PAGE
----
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Tuesday, 22 October 2013

British forests under new threat from pests


British forests under new threat from pests reports the BBC:
A year after the first case of ash dieback in wild trees in Britain, the disease has now spread across much of England, Wales and Scotland. The public is being asked to be the "eyes and ears" of the countryside amid concern about new global threats that could spell disaster for forests.
It is quite worrying just how many threats the nations forests are currently under. The OPAL Tree Health Survey reveals the key threats.

Oak processionary moth: first detected in Ealing and Richmond in 2006, then outbreaks in south London, west London and Berkshire - it defoliates and weakens trees, making them susceptible to pests and diseases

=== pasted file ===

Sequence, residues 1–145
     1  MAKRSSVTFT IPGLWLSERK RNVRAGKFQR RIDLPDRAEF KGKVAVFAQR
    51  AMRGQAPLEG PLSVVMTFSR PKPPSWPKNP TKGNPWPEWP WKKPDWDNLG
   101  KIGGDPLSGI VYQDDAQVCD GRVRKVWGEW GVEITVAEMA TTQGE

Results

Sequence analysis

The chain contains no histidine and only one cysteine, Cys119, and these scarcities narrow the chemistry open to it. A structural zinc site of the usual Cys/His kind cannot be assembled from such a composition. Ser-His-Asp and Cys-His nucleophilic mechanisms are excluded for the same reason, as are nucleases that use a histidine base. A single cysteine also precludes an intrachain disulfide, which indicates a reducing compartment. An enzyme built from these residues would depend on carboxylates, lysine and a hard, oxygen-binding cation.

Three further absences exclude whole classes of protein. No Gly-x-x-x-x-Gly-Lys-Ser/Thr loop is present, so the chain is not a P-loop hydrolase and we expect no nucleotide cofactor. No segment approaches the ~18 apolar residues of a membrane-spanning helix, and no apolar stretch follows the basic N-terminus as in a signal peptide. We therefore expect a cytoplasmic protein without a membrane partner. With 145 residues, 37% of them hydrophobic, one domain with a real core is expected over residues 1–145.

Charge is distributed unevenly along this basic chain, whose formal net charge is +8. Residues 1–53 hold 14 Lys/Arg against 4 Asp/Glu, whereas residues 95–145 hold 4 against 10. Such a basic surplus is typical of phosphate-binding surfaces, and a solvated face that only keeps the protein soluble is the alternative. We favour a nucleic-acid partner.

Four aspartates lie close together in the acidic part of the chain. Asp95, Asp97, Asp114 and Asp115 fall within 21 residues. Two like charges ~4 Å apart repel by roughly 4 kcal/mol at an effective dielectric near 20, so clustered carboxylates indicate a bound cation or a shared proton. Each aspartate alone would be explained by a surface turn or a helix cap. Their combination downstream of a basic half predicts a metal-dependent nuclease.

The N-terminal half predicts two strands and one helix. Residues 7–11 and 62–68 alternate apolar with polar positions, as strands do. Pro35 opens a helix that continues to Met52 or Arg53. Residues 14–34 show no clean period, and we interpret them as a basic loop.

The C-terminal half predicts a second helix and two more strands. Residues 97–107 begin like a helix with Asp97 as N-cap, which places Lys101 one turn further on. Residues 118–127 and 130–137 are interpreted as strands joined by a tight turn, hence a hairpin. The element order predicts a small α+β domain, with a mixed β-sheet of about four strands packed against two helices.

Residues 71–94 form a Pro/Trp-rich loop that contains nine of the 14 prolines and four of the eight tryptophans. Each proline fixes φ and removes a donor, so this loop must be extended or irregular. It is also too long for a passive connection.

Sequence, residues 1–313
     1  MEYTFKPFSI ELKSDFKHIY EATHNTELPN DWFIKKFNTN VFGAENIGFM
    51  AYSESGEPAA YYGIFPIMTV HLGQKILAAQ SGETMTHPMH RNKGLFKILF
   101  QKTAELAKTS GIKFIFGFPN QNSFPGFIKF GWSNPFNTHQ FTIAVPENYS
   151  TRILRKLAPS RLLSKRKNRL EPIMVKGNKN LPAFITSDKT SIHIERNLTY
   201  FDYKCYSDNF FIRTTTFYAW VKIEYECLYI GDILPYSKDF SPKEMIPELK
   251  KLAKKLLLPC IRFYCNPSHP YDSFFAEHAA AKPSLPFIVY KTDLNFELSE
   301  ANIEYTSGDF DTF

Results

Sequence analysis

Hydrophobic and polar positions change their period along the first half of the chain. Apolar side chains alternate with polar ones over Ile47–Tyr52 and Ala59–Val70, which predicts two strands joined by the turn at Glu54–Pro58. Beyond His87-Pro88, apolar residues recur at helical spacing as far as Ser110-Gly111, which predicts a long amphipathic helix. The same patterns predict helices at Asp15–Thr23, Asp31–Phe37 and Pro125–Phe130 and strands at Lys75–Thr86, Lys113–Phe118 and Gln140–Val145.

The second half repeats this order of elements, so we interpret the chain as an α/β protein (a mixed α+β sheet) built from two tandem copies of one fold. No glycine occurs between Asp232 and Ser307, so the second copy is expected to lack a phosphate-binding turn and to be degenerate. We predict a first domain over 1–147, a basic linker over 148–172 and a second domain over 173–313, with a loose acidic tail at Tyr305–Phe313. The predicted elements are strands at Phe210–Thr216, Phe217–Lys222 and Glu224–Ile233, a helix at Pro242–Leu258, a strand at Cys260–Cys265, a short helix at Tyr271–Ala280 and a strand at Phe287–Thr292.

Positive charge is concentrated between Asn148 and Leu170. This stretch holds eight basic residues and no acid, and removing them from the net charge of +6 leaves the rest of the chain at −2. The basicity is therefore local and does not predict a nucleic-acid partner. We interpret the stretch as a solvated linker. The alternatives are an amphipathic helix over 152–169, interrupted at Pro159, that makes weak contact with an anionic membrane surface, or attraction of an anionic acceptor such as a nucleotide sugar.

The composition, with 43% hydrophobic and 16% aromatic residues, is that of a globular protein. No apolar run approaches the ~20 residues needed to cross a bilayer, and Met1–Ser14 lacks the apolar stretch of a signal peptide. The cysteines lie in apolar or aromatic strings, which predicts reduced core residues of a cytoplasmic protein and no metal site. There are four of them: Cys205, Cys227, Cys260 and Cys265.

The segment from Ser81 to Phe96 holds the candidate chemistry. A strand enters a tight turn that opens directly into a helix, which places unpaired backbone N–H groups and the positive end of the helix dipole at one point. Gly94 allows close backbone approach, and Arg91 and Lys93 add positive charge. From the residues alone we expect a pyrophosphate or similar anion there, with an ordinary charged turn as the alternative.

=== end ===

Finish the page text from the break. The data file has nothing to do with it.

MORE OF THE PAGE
Asian longhorn beetle: wood-boring insect that can cause damage to a range of trees - a major 2012 outbreak in Kent was traced to wood packaging imported from the Far East

Asian longhorn beetle
Citrus longhorn beetle: a few have arrived on trees imported from China, Japan and South Korea, but have so far been intercepted

Chalara dieback of ash: fungal disease of ash trees, now established in the UK, which causes crown death and wilting and dieback of branches

Pine processionary moth: insect moving north through France and now breeding near Paris - 1995 outbreak in Scotland was contained

Emerald Ash borer: beetle that damages ash trees - a native of Asia, it's arrived in the US in imported wooden packing material

The risk to the forests is huge and this once wooded island could see large patches badly damaged.

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